Villanueva is a rare 28-year-old ERFA, and under the terms of his initial NFL contract, the would-be third-year starter won’t be able to become an unrestricted free agent until he’s 30 in 2019. Labriola notes Parker signed a three-year, $13.6MM deal to stay in Pittsburgh in the summer of 2006. As the going rate for linemen continues to rise as teams’ ability to develop them out of college becomes more difficult, Villanueva would have considerable value on the market. But his current circumstances could force him to make a decision soon.

Here’s the latest coming out of the North divisions.

  • The common view around the league, per Dave Birkett of the Detroit Free Press, is the Lions will make Matthew Stafford the league’s highest-paid quarterback by summer’s end. One NFL source said last month Stafford will wait for Derek Carr to sign his extension first and work off of that, and Birkett noting Stafford’s better body of work compared to the younger Carr puts him in a position to wait and command more money.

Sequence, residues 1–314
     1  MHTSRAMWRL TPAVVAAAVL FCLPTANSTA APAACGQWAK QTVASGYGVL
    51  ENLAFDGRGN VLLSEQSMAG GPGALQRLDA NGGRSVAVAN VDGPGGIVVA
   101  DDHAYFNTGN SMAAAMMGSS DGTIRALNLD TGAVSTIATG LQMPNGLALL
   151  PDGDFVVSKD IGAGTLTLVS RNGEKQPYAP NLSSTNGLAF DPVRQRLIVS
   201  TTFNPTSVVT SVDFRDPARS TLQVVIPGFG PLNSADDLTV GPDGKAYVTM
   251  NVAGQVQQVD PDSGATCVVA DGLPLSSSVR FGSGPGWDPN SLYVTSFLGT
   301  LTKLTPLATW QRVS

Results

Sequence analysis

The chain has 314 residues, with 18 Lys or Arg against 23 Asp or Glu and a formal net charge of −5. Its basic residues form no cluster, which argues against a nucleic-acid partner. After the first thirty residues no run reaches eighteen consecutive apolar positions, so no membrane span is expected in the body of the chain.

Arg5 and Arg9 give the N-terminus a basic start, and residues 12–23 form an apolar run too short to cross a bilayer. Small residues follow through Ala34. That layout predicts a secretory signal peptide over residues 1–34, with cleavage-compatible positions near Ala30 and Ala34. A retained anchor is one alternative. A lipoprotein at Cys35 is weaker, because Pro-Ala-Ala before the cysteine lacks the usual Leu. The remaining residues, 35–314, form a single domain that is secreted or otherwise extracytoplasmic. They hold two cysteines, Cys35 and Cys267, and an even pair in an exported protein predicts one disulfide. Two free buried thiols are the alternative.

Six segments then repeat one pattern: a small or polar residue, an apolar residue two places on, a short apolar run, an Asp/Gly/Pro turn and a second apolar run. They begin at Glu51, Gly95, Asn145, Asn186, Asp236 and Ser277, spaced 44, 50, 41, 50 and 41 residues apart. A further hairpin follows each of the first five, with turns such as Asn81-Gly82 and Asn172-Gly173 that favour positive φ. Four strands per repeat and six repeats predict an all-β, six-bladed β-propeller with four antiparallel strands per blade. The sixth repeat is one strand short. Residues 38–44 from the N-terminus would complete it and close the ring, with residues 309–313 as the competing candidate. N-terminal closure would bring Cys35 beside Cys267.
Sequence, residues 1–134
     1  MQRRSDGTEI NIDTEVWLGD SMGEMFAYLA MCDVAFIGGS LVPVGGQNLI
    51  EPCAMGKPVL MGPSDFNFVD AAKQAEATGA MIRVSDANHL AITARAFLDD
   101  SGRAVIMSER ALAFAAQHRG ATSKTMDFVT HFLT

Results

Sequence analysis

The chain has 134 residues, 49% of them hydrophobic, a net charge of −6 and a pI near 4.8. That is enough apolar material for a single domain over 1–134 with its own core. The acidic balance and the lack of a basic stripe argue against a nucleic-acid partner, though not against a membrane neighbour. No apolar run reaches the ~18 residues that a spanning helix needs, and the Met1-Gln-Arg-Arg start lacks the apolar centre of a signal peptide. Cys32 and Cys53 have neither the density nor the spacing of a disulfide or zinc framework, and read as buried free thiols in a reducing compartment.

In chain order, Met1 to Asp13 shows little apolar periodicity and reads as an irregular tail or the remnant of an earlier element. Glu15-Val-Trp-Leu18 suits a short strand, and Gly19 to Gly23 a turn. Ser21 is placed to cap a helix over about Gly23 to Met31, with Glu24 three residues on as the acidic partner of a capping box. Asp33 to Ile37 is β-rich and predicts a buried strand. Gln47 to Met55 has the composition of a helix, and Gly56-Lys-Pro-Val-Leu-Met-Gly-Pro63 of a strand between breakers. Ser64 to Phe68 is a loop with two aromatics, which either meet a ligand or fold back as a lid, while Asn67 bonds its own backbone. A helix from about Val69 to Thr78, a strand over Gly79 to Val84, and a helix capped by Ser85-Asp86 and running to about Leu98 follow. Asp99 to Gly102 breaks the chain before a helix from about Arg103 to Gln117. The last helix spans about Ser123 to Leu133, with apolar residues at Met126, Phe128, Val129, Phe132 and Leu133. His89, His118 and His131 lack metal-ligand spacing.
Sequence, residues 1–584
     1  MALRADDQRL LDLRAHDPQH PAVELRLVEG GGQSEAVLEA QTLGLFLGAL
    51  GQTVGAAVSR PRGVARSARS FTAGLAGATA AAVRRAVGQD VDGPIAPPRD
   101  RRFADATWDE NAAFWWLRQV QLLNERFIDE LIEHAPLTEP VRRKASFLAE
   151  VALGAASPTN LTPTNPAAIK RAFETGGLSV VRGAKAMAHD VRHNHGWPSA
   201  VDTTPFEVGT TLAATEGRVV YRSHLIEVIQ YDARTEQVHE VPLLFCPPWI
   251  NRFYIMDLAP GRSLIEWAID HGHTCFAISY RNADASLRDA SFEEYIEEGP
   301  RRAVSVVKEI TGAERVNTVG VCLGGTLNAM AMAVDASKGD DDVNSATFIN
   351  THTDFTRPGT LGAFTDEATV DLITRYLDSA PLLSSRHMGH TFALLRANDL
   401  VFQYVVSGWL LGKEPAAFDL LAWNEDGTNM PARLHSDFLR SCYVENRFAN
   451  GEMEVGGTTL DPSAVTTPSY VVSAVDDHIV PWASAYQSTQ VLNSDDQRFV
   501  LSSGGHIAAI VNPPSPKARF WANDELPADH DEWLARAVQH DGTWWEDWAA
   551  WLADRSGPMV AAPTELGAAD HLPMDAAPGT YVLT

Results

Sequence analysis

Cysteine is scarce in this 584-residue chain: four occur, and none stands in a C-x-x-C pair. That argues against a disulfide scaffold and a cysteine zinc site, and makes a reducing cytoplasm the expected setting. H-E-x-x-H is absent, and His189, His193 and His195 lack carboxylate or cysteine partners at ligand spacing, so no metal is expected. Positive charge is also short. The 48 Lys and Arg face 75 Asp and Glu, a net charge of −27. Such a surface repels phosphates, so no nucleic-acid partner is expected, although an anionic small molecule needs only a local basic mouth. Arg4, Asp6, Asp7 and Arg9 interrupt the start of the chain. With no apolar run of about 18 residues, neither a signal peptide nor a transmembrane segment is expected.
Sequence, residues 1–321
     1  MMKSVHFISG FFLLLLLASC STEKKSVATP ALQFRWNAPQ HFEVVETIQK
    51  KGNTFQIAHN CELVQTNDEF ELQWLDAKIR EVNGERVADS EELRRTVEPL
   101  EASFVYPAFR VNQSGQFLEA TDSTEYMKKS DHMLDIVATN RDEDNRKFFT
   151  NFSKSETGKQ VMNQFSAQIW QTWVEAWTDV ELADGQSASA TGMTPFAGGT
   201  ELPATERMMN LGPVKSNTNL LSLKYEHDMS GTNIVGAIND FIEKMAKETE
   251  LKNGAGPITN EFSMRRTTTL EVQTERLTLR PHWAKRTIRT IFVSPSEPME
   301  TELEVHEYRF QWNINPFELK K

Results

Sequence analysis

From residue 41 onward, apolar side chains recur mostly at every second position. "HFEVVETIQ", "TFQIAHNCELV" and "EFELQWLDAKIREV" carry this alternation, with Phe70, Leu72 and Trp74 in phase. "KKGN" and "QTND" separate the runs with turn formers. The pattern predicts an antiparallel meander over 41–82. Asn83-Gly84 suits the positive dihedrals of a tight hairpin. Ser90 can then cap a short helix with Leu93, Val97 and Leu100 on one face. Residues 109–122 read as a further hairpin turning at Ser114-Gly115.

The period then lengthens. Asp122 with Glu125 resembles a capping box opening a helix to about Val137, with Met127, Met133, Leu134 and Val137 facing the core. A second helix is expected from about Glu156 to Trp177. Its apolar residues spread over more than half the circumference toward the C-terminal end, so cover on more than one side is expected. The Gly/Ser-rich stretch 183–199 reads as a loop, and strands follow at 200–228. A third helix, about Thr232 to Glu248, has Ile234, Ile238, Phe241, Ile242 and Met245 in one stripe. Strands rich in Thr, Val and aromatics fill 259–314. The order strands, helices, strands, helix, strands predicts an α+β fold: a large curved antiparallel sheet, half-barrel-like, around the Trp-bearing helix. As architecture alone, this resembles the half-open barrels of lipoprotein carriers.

• Demario Davis did not have the speed the Browns wanted at their linebacker position, Terry Pluto of the Cleveland Plain Dealer notes. The Browns traded their incumbent No. 1 middle linebacker to the Jets in exchange for Calvin Pryor. Davis is returning to the Jets and their 3-4 scheme. Cleveland is pivoting back to a 4-3 after hiring Gregg Williams, and while the Browns installed Davis as their primary middle ‘backer and moved 2016 breakout performer Christian Kirksey to the weak side, the team plans to use Kirksey and Jamie Collins in its nickel sets. As for the starting middle linebacker in the base alignment, the Browns may first turn to Tank Carder for now, per Pluto. Carder has been with the Browns for six years but has worked as a backup throughout that time.